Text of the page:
KENYA – Sugar production in the nine months to September dropped 49 per cent as factories grappled with cane shortage.
A monthly report from the Sugar Directorate indicates quantities produced dropped to 252,415 from 493,419 tonnes in the corresponding period last year thanks to dry weather.
“This low production is attributed to the prevailing cane shortage in most cane growing zones,” says the report.
Private millers led in production with West Kenya manufacturing 53,000 tonnes in the period under review followed by Kibos at 35,000 and Butali at 33,000 tonnes.
Sony Sugar Company produced the most among the State-owned millers at 28,000 tonnes followed by Nzoia (18,000) and Muhoroni (13,000).
The decline in production saw consumers pay exorbitant prices for sugar between January and May, with a kilo hitting a high of Sh200.
The prices have, however, cooled off after the factory price of sugar dropped as imports helped increase supply in the market.
According to the directorate, a 50 kilogramme bag of sugar is currently selling at Sh4,000 at the factory gate down from Sh5,500 in August.
Its statistics show imports between January and July this year amounted to 245,168 tonnes.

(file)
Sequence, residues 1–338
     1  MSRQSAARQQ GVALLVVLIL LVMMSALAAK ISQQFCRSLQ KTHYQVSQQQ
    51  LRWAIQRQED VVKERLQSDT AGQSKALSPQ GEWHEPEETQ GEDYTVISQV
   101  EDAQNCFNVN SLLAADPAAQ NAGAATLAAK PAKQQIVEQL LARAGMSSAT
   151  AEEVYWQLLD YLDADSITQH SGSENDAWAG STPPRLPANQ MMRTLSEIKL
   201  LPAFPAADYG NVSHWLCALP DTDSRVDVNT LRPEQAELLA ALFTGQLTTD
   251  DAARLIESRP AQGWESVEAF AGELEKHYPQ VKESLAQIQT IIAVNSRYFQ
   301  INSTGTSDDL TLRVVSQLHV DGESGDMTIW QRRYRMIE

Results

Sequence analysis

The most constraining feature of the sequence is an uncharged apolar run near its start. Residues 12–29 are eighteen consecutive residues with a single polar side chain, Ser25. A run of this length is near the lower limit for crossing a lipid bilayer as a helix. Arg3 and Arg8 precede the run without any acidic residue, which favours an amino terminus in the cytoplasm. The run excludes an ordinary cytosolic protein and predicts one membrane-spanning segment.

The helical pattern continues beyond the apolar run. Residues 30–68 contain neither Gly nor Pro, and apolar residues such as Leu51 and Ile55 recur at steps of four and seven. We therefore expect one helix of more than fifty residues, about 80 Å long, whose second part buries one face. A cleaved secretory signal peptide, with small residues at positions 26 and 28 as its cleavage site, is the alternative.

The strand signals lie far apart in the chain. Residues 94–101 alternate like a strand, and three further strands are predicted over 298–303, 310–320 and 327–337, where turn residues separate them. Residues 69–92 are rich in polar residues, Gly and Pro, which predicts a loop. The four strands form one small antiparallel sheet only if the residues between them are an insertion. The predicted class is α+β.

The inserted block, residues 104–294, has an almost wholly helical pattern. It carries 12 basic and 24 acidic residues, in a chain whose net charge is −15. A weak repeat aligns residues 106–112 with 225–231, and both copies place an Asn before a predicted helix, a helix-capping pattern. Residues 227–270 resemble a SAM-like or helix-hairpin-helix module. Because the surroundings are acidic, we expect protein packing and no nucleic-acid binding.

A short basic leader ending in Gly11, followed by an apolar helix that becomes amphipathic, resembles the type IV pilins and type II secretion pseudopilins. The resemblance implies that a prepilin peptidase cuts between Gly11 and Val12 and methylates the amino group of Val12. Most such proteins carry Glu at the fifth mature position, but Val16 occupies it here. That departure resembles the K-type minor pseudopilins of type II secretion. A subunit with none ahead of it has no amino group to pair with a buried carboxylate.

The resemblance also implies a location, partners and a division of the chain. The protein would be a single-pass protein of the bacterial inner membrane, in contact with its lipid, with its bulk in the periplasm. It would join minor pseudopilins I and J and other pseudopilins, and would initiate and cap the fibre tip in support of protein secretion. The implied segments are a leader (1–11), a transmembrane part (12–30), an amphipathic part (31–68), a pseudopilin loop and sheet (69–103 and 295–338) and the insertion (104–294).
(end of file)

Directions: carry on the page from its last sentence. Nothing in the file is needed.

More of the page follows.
The Treasury in May scrapped duty on imported sugar from outside the Common Market for Eastern and Southern Africa (Comesa) following a severe shortage of the commodity that saw a kilo cross the Sh200 mark.
Although the window was supposed to end in August, a special gazette by Treasury secretary Henry Rotich extended this to December 31, 2017.
Kenya produces about 600,000 tonnes a year, compared with annual consumption of 870,000 tonnes. The sugar deficit is usually covered by stringently controlled imports from Comesa.
Sugar shortage was caused by drought in major cane growing zones with the directorate estimating a shortage of 1.9 million tonnes at the end of the last financial year.